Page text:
accumulator
Operation is now
MEM(PC) Accum
 Also increment the PC

 Joanne E. DeGroat, OSU
ECE265
9/28/2010
More von Neumann
11
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Earliest computers had fixed programs – such as a desk
calculator
The von Neumann architecture introduced the concept
of a stored program. In fact, in early computers, they
often wrote programs that self modified.
Self-modifying code is now seen as a very bad
programming practice (also, it really isn’t needed).
von Neumann’s was very familiar with Alan Turing’s
(1912-1954) work – the Turing Machine (1936).
Both von Neumann and Turing wrote papers on stored
program computers.
 Joanne E. DeGroat, OSU
ECE265
9/28/2010
Some Early von Neumann architectures
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ORDVAC (U of Ill) - 1951
IAS machine (Princeton) - 1952
MANIAC I (Las Alamos) - 1952
ILLIAC (U of Ill) - 1952
AVIDAC (Argonne National Labs) – 1953
ORACLE at Oak Ridge Ntl Lab– 1953
JOHNNIAC at RAND Corp – 1954
BESK in Stockholm – 1953
PERM in Munich - 1956
 Joanne E. DeGroat, OSU
ECE265
9/28/2010
Early Microprocessors
13
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The Intel 4004 – 1971
16-pin DIP package
92,000 instructions per sec
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10.8 microseconds per instruction
Processor had a small address space for data and a small
address space for instructions
Designed for use in calculators
Was the core element for the early electronic calculators –
early calculators did basic arithmetic.
Early microprocessors were often programmed in assembler
or machine code. Compilers and many modern high level
programming languages just didn’t exist.
 Joanne E. DeGroat, OSU
ECE265
9/28/2010
The Harvard Architecture
14
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In the traditional von Neumann architecture memory
holds both programs and data
In the Harvard Architecture you have separate
memory spaces for data and programs. (term that
came into use during the late 1990s)
This is not really a new concept as the 4004 had
separate data and program memory address
spaces.
 Joanne E. DeGroat, OSU
ECE265
9/28/2010
Microprocessor vs. Microcontroller
15
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Basically a features issue.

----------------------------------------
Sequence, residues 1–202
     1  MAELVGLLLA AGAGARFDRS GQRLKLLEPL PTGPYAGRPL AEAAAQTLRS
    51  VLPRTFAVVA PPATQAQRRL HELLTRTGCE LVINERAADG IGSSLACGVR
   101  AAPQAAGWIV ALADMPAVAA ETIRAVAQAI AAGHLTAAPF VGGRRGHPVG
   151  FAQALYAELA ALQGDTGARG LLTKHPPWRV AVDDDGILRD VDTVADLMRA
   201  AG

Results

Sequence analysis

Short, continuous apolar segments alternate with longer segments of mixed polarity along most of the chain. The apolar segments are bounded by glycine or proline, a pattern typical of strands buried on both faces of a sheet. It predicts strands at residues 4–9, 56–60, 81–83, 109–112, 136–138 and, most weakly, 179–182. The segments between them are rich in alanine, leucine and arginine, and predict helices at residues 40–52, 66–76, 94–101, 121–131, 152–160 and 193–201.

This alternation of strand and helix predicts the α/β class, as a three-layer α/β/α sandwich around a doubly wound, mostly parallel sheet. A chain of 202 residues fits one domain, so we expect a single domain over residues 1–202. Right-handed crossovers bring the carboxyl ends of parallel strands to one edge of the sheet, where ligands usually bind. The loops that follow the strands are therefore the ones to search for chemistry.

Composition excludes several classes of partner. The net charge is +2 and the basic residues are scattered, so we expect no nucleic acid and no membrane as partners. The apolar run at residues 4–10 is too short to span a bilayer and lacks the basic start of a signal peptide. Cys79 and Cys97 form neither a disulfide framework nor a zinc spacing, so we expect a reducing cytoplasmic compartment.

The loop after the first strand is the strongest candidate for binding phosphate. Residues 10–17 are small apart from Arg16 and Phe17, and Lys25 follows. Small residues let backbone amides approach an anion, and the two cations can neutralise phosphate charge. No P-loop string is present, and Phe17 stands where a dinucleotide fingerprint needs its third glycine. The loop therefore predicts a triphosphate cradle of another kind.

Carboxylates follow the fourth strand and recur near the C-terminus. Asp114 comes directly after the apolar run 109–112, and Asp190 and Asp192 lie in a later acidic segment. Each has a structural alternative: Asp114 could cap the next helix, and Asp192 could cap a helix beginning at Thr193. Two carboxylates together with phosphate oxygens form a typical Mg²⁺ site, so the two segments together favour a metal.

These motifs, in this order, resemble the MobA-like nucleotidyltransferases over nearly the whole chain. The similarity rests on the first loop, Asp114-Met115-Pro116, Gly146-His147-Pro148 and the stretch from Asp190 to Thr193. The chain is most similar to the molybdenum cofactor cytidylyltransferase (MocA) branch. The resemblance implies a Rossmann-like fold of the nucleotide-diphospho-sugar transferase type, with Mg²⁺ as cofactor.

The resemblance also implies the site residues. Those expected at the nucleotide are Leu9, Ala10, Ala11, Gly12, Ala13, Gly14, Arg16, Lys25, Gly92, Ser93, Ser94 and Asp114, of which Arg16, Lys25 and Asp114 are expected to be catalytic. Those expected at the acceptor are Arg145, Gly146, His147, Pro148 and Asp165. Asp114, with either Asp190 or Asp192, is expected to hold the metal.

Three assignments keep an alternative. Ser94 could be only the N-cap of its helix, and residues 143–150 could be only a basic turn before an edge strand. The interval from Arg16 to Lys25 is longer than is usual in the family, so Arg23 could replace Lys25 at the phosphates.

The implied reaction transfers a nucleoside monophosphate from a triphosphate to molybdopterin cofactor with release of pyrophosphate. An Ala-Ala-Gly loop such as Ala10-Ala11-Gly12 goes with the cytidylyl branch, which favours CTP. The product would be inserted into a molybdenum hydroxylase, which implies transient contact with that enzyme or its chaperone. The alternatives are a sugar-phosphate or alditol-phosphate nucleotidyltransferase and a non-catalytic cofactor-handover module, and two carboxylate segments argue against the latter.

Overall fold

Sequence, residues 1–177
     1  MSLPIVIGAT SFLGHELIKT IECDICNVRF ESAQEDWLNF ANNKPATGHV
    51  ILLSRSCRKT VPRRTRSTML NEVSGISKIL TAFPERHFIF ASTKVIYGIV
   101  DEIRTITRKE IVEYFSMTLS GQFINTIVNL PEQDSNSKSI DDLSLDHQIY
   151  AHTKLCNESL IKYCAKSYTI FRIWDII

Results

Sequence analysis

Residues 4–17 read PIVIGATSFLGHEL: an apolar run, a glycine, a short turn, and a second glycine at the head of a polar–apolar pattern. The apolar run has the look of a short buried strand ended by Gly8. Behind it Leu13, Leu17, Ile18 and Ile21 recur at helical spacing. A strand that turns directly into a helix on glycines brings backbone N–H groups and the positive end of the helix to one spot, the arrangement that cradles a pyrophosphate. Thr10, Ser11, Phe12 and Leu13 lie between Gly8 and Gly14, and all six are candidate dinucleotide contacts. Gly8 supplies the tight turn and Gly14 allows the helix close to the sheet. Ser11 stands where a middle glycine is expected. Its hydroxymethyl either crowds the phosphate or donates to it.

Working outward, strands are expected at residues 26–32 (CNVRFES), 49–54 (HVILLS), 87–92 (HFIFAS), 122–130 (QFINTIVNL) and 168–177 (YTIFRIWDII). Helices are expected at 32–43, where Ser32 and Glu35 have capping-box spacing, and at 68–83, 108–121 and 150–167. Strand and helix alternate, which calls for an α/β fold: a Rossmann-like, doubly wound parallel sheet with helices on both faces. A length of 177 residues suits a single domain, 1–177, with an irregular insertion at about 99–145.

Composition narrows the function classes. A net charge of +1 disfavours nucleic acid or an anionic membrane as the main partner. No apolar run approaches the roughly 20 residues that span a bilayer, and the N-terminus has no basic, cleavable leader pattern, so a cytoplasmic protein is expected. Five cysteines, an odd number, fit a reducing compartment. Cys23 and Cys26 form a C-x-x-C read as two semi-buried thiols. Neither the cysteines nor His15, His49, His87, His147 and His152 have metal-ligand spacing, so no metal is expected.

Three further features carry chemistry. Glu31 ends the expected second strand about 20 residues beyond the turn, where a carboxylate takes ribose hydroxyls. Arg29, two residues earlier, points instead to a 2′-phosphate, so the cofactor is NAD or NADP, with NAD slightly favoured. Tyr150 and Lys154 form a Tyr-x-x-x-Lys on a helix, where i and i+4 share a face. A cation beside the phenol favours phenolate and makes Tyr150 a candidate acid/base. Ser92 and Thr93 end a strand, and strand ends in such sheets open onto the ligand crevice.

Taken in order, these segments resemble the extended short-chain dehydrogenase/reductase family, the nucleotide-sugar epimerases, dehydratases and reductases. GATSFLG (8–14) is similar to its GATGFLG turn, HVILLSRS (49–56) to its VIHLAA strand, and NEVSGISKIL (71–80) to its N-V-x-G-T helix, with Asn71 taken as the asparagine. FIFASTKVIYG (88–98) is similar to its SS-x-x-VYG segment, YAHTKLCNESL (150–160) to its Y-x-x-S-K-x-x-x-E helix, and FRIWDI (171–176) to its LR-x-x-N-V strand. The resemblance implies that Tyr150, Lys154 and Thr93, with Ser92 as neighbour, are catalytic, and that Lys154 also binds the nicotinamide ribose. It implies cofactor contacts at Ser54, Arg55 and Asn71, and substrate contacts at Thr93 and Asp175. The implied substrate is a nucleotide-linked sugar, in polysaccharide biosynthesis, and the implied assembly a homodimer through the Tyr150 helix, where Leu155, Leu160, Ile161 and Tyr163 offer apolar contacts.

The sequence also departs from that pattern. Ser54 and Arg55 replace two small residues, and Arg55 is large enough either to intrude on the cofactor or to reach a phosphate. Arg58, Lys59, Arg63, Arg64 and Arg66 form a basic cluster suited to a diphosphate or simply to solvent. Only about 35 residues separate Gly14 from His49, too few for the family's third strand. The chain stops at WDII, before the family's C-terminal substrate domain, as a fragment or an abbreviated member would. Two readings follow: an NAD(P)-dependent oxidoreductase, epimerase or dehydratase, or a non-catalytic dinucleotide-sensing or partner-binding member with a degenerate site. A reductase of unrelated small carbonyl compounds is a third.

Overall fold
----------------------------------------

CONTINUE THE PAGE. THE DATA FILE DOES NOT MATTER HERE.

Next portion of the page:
Microprocessor – (the physical processor chip)
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Composed of control unit, register, arithmetic and logic units
NO Memory, MaybeTimers, No direct external I/O ports
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Does have pins for a data bus and an address bus
When implemented in a PC, add a keyboard for input, a monitor, a mouse, a
printer, etc.
Mircocontroller
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Central core of microprocessor but limited capabilities in regards to registers,
memory size, and speed.
On board memory
Several Timers
I/O configurable ports
In implementation, may or may not have a keyboard, rather a keypad/switches
for input or other types of control, often does not have monitor
 Joanne E. DeGroat, OSU
ECE265
9/28/2010
Lecture summary
16

Have covered
 What
will be covered by this course and how the course
will operate
 The syllabus, general guidelines and policies
 An introduction to the history of computing – computer
are not new
 The von Neumann architecture
 Other architecture focuses
 Joanne E. DeGroat, OSU
ECE265
9/28/2010
Assignment
17
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What is a Turing machine?
HW1 - Write up what a Turing machine is and how
a Turing Machine executes a program. (submit to
dropbox HW1) Write 2/3 to 1 ½ pages.
Due dates on web page.
There are many sources for this assignment
 Google
web search
 Wikipedia
 Library
 Joanne E. DeGroat, OSU
ECE265
9/28/2010
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Lecture 1 - Introduction to Microcontroller Systems